In hot climates, the unrelenting sun beats straight down onto building facades, making it a lot harder for them to keep their interiors cool. Shades of various kinds can help, of course, but there’s a different way of dealing with heat that comes with additional benefits. A new home in Vietnam by VTN Architects features a second facade set about eight feet from its actual exterior walls, creating a cool, shady breezeway in between that supports an abundance of trees and other plants.

Greenery spills out of every opening in the pristine Ha Long Villa's exterior facade.

“Ha Long Villa” is remarkable at first glance not just for its irregular geometric facade, but also for the trees poking out of large apertures on every side, all the way up to the roof. Along with providing a little extra shade, the trees give the home a garden-like atmosphere that helps connect its inhabitants to nature within the rapidly industrializing coastal city of Ha Long.

The architects’ two principle motivations may seem to be at odds: the increasing loss of forests and other undeveloped spaces in the area, and the need to create high-quality sustainable housing that meets Ha Long’s rising standard of living. The result is an airy modern home with almost as much exterior living space as interior, though realistically, it’s a bit oversized as a single-family home to truly be considered sustainable.

Close-ups of the Ha Long Villa's exterior facade show just how the openings and trees work in perfect conjunction with one another.

Large walkways run through the space between the villa's two facades, allowing the residents plenty of room for outdoor activities.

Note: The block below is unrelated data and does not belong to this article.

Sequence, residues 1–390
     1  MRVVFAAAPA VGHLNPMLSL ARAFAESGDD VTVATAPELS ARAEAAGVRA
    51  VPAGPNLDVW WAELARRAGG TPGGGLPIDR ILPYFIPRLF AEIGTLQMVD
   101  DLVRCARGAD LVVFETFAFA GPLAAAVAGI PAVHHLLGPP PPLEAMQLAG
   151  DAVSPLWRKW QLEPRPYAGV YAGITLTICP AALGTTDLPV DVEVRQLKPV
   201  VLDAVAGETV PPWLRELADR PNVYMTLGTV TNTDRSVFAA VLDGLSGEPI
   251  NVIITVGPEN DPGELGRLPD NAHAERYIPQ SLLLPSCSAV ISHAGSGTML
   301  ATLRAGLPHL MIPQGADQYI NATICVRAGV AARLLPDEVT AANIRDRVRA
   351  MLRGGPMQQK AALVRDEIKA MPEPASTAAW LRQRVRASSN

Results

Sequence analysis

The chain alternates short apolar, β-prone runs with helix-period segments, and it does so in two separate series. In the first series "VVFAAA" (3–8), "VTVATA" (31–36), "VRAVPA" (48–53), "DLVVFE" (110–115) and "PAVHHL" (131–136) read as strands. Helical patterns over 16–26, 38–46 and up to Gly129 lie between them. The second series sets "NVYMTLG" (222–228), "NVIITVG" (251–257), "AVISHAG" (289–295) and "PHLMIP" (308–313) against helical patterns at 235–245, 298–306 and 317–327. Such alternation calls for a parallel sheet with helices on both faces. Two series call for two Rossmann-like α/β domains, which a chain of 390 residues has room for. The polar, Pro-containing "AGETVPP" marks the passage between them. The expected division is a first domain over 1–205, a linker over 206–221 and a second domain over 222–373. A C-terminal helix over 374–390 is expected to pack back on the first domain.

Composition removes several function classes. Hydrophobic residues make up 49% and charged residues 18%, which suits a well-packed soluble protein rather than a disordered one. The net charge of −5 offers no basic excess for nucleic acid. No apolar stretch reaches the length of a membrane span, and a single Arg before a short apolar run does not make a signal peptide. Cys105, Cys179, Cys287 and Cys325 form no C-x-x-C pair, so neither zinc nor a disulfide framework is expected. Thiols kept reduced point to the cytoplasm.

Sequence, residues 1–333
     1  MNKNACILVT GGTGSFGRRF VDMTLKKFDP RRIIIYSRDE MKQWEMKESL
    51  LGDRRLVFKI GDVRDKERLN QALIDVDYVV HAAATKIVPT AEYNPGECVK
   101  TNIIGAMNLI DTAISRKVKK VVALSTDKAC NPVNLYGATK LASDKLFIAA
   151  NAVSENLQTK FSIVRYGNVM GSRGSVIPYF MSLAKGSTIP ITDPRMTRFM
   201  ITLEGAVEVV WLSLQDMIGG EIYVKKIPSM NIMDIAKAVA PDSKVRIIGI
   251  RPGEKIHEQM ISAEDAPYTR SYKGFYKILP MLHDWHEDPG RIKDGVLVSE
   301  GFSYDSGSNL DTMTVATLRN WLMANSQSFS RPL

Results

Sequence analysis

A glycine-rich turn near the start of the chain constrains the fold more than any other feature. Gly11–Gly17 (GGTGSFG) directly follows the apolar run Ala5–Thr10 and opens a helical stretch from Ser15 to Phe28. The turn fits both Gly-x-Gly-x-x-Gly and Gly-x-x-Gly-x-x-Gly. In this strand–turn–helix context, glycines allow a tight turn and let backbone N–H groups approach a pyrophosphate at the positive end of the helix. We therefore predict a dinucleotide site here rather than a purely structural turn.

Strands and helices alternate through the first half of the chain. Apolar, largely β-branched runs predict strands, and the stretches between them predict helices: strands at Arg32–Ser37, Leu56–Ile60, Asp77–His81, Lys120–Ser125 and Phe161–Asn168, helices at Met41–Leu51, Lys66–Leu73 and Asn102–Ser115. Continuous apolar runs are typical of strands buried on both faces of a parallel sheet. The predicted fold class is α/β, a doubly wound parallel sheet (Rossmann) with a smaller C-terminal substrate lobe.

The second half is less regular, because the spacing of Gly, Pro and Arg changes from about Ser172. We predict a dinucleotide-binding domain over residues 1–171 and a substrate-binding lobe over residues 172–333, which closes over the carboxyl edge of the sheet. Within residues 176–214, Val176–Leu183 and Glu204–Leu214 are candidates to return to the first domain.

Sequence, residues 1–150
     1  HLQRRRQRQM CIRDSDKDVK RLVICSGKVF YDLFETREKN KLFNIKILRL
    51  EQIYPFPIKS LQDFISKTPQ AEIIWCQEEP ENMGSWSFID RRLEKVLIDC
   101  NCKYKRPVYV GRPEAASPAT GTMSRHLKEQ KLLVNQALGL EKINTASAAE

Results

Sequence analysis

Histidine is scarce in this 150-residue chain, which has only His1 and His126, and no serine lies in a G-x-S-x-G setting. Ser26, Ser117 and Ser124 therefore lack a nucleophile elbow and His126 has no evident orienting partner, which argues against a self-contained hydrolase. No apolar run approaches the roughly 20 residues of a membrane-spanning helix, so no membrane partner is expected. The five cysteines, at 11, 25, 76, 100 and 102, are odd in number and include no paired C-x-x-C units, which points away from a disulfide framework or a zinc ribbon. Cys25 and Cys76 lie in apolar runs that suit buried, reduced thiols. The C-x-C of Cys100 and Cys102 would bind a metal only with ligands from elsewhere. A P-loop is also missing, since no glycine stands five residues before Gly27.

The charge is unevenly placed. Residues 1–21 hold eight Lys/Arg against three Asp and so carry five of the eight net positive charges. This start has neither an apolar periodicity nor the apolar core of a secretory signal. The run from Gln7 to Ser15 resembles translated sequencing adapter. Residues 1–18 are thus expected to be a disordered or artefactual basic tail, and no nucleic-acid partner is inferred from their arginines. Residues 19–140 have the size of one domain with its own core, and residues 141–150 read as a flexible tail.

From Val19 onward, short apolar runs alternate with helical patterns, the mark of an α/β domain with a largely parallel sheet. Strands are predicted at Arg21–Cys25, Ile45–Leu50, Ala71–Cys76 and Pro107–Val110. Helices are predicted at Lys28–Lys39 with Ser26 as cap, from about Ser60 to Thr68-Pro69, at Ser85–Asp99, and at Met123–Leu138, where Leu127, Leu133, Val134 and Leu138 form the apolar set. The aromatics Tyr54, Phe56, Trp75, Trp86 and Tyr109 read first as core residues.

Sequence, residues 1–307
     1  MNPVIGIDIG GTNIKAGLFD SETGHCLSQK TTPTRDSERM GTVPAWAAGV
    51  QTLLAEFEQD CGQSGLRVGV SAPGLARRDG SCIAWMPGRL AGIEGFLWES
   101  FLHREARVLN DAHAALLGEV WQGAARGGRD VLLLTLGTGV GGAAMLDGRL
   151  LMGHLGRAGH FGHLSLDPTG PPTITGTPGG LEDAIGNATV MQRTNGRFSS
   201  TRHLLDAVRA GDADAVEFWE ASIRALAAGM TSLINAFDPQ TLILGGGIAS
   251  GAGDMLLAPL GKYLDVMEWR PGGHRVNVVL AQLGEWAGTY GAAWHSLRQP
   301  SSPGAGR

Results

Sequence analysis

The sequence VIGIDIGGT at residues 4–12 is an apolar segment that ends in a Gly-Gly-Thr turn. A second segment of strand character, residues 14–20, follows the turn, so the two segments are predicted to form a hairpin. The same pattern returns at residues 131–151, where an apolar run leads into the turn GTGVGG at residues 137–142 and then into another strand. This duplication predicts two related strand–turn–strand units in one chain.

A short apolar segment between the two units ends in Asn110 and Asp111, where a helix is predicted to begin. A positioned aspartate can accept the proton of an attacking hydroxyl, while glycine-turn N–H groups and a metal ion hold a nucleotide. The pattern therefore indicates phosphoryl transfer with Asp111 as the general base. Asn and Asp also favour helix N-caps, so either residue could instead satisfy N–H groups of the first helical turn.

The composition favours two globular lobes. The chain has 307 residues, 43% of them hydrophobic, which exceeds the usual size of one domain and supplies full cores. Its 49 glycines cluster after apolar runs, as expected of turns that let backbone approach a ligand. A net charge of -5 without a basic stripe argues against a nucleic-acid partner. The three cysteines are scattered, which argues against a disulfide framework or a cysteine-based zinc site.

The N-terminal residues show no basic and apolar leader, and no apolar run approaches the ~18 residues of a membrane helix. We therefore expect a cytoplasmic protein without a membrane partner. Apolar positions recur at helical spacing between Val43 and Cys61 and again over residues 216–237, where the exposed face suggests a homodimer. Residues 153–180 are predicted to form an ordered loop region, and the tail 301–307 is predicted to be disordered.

Large trees of all shades of green burst out from openings in the villa's exterior facade.

In addition to its one-of-a-kind architecture, the Ha Long Villa also boasts an incredible coastal location.

The semi-exterior space connects the interior and the terrace part of the garden, and is a place to promote various living activities,” the firm explains. “It is a multipurpose space which serves as a connection between each space. It is a place for gardening, sightseeing, sitting, [and] walking, and it also connects to the living space. These distinctive spaces offer residents options in their daily lives, like whether to dine inside or outside on a particular day. The various movements in the resident’s lives are also conveyed to the neighborhood through [the] windows in the exterior facade.”

Between the wrap-around terraces and all the plants on the rooftop, the architects have planted more greenery than construction of the home displaced, though of course, public green spaces have a lot more value to the community at large. VTN Architects took inspiration from stones found in the nearby UNESCO World Heritage Site Ha Long Bay for the rough exposed concrete of the exterior walls, which themselves are dappled in shadow by all the greenery. As the trees change along with the seasons, so does the facade.

Stained wood and sleek furniture pieces inside the villa make its large windows all the more inviting.

Stained wood and sleek furniture pieces help make up the Ha Long Villa's common areas.

The bedrooms inside the villa feel warm, airy and of course, abundantly green.

The dining area inside the villa as surprisingly open, with added charm coming from elegant hanging lighting fixtures overhead.

Ha Long Villa is one of the prototypes of ‘House for Trees,’ which is a series of residential projects,” add the architects. “The aim of the series is to bring green spaces back into the city, and to design as much greenery as was present in the original landscape to provide a healthier life to people living in the city. Due to the simplicity of the concept, the idea of ‘House for Trees’ can be multiplied almost anywhere in tropical climate regions. As part of the vast landscape, Ha Long Villa harmonizes with the natural environment. And Ha Long Villa aims to be a space where people return to living surrounded by nature.”

The trees and plants surrounding the Ha Long Villa seem to glow in the evening.

It would be cool to see the passive cooling double-facade concept catch on in other hot places, particularly deserts. Can’t you imagine something like this working in a place like Nevada or Arizona with cacti instead of trees?